Male Hawkers or Marketers, Rio de Janeiro, Brazil, ca. 1770s


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Image Reference
juliao10

Source
Carlos Juliao, Riscos illuminados de figurinhos de broncos e negros dos uzos do Rio de Janeiro e Serro do Frio (Rio de Janeiro, 1960), plate 34. The prints used as plates in this book are housed in the Secao de Iconografia in the National Library of Brazil; the historical introduction and descriptive catalog were written by Lygia da Foneseca Fernandes da Cunha. (Copy in Tulane University Library)

Comments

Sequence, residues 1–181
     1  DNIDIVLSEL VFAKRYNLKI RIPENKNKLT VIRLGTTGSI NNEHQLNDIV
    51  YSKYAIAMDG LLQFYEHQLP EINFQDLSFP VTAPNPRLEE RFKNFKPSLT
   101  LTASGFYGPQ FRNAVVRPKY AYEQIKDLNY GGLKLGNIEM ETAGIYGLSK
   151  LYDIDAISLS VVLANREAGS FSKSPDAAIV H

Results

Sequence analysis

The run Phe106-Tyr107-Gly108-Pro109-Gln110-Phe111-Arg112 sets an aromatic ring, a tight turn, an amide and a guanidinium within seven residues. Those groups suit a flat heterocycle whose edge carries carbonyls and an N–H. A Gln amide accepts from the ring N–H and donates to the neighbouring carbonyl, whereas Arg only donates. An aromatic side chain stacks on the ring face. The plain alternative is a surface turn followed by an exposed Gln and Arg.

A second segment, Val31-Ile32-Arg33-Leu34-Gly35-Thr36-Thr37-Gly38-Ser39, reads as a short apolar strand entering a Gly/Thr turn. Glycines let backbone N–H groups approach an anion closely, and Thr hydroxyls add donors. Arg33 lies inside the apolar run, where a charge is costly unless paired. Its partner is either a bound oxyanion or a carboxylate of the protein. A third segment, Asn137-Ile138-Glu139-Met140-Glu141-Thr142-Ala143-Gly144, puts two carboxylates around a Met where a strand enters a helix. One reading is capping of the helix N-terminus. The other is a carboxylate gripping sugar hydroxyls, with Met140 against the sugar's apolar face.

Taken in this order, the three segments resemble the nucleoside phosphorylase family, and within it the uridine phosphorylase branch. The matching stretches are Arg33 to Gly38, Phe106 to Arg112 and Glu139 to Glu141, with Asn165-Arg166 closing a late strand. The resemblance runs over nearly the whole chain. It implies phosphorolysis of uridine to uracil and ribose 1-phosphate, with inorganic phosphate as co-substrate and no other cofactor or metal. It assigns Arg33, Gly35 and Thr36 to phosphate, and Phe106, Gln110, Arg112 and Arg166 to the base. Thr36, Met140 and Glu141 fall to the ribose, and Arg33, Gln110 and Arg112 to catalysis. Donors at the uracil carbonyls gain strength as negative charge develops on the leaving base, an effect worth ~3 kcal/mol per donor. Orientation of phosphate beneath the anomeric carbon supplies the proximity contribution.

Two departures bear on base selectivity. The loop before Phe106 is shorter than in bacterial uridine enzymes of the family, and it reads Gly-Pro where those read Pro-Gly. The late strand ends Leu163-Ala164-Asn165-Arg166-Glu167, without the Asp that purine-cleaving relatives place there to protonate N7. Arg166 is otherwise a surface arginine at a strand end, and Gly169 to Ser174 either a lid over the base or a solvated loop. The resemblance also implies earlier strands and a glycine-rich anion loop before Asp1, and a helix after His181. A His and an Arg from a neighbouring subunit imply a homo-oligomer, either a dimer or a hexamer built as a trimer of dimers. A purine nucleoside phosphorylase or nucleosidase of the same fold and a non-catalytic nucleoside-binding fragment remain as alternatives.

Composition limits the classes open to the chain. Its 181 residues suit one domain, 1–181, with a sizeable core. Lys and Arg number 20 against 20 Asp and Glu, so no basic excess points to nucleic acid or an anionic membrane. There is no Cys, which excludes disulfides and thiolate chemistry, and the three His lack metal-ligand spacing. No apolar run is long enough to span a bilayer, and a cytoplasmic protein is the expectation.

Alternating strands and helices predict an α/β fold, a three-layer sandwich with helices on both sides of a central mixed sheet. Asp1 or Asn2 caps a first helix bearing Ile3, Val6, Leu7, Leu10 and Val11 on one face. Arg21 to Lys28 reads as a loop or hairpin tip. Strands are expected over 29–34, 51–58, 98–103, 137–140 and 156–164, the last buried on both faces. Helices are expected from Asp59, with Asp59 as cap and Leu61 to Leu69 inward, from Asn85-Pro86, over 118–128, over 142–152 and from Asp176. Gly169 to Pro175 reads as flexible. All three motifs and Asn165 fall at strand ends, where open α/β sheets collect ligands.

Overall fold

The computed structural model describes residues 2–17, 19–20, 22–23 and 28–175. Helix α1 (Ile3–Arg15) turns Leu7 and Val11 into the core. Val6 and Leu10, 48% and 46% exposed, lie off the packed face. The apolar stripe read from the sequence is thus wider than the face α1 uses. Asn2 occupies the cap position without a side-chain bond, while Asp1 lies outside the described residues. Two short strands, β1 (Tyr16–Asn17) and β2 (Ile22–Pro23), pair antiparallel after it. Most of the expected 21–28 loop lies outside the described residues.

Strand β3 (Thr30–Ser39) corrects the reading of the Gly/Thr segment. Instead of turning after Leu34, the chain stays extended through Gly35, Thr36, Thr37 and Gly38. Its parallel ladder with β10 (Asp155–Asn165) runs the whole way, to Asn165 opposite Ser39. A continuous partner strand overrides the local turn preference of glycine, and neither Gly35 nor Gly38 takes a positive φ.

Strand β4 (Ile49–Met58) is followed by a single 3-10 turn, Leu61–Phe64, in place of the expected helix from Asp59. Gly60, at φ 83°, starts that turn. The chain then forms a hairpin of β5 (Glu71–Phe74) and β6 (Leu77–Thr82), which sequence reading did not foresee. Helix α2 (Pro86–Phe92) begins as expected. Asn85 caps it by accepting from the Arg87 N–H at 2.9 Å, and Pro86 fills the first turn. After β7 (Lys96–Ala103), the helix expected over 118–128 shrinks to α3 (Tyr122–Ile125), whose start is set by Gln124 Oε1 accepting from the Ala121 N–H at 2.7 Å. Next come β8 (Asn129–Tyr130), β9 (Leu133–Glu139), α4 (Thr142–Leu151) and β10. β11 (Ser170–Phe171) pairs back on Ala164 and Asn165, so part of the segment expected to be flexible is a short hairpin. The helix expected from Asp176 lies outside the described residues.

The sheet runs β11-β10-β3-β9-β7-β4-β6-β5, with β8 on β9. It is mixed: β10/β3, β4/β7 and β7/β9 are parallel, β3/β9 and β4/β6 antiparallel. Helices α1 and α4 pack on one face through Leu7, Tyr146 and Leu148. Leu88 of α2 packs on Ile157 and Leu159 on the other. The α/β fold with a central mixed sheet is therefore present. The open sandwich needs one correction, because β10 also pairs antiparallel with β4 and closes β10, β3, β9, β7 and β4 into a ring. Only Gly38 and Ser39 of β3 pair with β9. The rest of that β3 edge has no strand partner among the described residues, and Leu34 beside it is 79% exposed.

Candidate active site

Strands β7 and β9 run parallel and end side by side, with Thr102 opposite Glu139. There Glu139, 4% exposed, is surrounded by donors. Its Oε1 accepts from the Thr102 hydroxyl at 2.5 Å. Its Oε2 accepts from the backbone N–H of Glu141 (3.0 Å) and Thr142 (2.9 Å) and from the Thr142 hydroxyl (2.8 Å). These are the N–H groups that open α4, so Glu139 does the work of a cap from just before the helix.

The man on the left is simply identified as a "Black Seller of Capim," a type of grass or "Guinea grass" which he is carrying on his head; while the man on the right is specifically identified as a "Slave Seller of Milk," and is shown with a pot of milk on his head; he is also wearing the iron collar and leg band that was placed on slaves who had a tendency to become fugitives. Born in Italy ca. 1740, Juliao joined the Portuguese army and traveled widely in the Portuguese empire; by the 1760s or 1770s he was in Brazil, where he died in 1811 or 1814. For a detailed analysis and critique of Juliao's figures as representations of Brazilian slave life, as well as a biographical sketch of Juliao and suggested dates for his paintings, see Silvia Hunold Lara, Customs and Costumes: Carlos Juliao and the Image of Black Slaves in Late Eighteenth-Century Brazil (Slavery & Abolition, vol. 23 [2002], pp. 125-146).